WHETHER, WHEN AND HOW TO INTRODUCE YOUR KIDS AND YOUR NEW SIGNIFICANT OTHER
You’re divorced or separated and you’re dating someone you’re serious about. You want to introduce your new partner to your children. You want this introduction to go well. After all, these are the most important people in your life. How do you make it a success?
Constance Ahrons has written a book that covers this. She says factors you’ll want to consider include how long you’ve been divorced or separated, the ages of your children, and the level of commitment between you and your new partner.
A threshold principle is “Easy does it.” The weight of opinion is if your new squeeze isn’t serious, don’t introduce him or her to your children at all. If your new relationship is serious (i.e., you’ve been dating long enough to start really knowing someone), you have everything to gain by going slowly. Introducing your loved one to your children too soon may trigger insecurity or even rivalry.
The introduction should not be heavy or emotionally laden. A group setting, something casual and informal, usually works best. Maybe you’ll have several such group get-togethers with this casual tone.
Let your kids know they have only two parents — one mom and one dad – and neither of them is being replaced. For their emotional security, kids need to know there’s enough love to go around, and that your new love interest does not replace your ex or displace them. While this may be obvious to you, they need reassurance. To help with this, you may want to let your ex know; after all, you are the parents.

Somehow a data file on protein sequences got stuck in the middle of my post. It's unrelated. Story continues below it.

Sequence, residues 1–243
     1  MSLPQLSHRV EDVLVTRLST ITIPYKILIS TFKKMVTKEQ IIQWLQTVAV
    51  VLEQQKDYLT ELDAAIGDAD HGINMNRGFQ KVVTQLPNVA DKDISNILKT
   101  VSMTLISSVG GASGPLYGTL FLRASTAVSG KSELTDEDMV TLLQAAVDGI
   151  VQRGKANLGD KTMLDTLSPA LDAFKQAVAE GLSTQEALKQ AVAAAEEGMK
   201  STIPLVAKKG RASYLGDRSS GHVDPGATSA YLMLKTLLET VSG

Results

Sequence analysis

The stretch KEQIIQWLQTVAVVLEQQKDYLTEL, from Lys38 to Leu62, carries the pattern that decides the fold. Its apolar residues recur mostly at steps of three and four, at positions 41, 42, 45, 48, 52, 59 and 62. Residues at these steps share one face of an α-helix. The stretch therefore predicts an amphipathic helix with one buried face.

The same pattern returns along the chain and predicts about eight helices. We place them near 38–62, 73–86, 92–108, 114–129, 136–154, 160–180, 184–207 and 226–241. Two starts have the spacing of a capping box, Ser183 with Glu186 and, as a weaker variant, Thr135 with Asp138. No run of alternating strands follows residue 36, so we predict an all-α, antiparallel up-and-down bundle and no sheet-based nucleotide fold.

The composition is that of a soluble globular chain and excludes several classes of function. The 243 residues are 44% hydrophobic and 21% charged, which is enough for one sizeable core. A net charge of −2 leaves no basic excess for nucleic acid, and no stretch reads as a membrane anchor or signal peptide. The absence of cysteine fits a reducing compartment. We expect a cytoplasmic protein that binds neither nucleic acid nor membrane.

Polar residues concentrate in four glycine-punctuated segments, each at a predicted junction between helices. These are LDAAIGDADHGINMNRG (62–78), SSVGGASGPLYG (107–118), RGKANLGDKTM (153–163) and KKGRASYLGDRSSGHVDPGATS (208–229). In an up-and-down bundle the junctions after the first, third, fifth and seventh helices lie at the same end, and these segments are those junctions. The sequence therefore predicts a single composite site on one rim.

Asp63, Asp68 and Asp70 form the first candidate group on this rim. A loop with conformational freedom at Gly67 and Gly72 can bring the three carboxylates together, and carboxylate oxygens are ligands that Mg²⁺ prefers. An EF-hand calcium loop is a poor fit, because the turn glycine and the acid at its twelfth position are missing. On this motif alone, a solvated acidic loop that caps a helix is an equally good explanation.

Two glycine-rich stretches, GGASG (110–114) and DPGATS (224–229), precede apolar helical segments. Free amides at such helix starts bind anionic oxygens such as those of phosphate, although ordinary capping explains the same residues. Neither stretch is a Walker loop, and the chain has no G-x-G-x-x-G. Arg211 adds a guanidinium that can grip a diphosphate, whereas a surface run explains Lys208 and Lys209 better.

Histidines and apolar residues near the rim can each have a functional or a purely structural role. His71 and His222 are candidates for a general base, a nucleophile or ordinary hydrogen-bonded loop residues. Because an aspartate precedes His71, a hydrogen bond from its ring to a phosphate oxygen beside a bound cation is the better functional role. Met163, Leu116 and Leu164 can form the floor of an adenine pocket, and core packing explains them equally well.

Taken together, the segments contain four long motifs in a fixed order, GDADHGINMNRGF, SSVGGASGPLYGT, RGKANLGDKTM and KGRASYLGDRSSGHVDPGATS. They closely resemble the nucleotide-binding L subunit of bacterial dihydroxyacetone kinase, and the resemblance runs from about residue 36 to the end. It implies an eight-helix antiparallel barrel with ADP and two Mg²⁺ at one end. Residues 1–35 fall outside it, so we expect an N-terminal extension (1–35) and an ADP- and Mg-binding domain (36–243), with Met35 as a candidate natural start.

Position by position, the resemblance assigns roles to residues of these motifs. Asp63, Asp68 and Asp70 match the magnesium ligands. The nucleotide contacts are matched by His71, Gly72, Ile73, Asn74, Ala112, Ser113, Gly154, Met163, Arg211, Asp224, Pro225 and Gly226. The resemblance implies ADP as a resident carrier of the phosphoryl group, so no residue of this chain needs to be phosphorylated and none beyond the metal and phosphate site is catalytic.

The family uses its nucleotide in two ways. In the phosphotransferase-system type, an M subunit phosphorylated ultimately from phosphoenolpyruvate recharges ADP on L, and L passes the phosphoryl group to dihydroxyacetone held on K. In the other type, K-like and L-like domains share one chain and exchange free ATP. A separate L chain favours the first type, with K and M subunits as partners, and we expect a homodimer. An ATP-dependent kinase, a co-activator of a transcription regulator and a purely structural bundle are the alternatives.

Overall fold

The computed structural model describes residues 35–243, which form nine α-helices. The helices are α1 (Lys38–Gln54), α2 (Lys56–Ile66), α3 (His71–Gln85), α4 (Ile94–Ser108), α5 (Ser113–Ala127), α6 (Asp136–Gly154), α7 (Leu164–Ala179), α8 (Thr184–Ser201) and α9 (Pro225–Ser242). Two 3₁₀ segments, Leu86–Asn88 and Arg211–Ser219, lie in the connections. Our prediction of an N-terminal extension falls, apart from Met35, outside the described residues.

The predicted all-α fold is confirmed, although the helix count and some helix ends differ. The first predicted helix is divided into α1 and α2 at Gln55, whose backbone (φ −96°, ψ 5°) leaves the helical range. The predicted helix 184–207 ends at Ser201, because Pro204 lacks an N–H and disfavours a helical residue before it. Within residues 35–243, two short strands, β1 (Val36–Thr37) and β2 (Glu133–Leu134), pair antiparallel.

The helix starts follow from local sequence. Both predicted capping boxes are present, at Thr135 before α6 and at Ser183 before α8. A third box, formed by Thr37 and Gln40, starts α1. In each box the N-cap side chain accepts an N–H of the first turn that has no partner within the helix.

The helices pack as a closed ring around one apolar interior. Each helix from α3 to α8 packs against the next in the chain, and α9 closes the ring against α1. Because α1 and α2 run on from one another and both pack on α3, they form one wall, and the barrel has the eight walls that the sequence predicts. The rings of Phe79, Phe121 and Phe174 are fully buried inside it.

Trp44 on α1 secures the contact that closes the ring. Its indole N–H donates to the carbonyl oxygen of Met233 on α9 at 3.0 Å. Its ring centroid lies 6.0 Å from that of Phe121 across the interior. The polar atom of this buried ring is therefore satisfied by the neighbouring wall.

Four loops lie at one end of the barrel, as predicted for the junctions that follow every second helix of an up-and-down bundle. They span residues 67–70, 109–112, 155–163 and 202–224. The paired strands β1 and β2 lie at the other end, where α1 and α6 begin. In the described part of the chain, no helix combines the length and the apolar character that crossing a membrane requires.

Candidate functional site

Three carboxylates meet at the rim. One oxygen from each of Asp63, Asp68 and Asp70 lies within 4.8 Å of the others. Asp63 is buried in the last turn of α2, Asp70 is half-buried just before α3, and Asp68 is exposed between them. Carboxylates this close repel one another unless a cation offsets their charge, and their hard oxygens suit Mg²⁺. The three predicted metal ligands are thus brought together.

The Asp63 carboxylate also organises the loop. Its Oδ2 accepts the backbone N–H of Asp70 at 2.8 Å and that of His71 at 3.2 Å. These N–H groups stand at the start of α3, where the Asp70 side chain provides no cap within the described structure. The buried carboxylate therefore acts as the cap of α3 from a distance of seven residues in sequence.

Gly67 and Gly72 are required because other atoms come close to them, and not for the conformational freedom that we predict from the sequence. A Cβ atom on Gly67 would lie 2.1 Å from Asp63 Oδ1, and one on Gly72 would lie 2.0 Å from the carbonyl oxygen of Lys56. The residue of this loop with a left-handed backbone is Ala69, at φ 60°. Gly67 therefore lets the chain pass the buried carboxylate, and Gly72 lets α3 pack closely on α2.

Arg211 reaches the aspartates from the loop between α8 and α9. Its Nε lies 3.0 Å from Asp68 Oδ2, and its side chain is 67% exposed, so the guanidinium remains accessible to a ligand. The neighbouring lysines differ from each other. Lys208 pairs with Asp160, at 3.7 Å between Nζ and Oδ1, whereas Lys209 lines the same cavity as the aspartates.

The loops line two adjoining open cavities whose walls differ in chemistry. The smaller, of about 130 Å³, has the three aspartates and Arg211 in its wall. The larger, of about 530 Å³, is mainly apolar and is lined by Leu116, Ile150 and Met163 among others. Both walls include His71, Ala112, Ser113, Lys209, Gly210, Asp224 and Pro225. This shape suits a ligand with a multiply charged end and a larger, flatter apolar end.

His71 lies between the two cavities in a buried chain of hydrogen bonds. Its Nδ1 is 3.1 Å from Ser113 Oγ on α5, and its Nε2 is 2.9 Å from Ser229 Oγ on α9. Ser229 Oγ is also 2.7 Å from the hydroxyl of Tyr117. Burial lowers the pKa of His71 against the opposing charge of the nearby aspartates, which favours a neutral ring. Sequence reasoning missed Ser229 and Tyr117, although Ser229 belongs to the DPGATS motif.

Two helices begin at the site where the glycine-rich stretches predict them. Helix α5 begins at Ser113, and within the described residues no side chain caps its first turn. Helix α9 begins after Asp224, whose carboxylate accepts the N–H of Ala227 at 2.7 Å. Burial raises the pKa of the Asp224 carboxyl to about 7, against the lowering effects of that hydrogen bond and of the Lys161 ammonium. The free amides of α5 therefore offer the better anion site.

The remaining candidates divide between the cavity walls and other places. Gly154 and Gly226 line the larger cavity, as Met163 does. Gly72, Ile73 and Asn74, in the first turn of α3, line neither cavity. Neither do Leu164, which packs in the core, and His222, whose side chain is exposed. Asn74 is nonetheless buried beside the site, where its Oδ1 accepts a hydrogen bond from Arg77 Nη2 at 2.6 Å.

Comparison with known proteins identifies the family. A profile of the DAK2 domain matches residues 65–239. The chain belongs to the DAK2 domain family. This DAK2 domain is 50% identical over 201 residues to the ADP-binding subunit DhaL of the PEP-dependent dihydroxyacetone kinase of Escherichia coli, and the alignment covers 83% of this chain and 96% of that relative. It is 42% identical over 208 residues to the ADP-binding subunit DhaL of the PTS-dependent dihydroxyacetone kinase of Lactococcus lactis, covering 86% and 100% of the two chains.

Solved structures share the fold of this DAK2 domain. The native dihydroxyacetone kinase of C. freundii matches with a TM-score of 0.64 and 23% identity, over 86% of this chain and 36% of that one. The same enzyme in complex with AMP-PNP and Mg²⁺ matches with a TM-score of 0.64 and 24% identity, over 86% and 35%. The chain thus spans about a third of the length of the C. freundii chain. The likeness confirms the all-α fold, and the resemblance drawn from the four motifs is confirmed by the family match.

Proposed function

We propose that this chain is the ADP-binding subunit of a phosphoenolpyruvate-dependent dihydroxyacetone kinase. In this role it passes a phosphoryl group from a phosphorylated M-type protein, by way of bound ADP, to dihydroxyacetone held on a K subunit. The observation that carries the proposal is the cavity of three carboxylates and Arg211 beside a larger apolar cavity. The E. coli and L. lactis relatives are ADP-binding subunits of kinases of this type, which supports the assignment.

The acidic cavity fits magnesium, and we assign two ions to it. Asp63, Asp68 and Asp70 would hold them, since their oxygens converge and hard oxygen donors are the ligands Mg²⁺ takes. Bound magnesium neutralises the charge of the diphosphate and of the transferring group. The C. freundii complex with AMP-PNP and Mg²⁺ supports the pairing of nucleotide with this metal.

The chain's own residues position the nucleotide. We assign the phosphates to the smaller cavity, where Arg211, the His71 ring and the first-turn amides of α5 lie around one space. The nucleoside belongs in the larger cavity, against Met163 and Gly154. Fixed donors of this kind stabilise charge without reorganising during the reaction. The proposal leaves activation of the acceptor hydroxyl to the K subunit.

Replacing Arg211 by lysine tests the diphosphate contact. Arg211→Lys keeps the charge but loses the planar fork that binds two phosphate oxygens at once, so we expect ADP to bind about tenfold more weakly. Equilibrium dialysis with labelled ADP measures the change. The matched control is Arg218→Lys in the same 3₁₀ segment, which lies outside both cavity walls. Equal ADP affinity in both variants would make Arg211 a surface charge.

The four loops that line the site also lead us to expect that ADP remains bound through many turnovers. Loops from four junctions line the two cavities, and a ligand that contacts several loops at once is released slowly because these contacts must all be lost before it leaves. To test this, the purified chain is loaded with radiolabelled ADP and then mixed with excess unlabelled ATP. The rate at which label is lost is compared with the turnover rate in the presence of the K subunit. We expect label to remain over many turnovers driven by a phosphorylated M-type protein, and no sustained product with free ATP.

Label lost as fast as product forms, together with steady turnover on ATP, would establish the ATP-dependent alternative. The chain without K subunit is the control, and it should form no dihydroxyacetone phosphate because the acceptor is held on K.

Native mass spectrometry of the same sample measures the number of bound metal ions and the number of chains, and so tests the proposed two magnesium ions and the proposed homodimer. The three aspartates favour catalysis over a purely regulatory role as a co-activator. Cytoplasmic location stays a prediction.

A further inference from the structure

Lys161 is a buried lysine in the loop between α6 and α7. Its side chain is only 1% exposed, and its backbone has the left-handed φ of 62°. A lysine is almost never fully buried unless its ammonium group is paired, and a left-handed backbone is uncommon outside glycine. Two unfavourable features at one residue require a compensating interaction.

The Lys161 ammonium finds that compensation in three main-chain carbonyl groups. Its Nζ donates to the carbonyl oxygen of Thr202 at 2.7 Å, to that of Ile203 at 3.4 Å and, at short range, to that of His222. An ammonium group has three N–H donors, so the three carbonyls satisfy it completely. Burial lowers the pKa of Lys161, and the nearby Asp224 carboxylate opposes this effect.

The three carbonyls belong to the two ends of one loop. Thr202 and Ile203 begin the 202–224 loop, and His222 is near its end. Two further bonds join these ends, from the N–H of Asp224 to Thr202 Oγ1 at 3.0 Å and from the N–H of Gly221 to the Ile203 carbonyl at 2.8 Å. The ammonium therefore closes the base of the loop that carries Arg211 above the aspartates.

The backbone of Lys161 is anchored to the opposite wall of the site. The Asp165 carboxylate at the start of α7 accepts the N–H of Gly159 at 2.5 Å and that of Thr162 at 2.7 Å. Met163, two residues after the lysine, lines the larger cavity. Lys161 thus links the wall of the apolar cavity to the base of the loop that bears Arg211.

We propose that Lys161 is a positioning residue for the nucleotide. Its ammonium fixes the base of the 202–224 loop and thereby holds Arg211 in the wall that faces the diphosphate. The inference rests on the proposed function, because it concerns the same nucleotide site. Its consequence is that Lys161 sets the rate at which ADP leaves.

Post-divorce or post-separation, your top missions are healing yourself and helping your children heal from that experience. You want to give yourself and them a “soft “landing” if you can. If you try your best and that doesn’t happen, be gentle with yourself. Yes, you control what you do; however, you don’t control how others respond.
 We’re Still Family: What Grown Children Have to Say About Their Parents’ Divorce (Harper Collins, 2004). In this book Dr. Ahrons interviews 173 grown children whose divorcing parents she had interviewed twenty years earlier.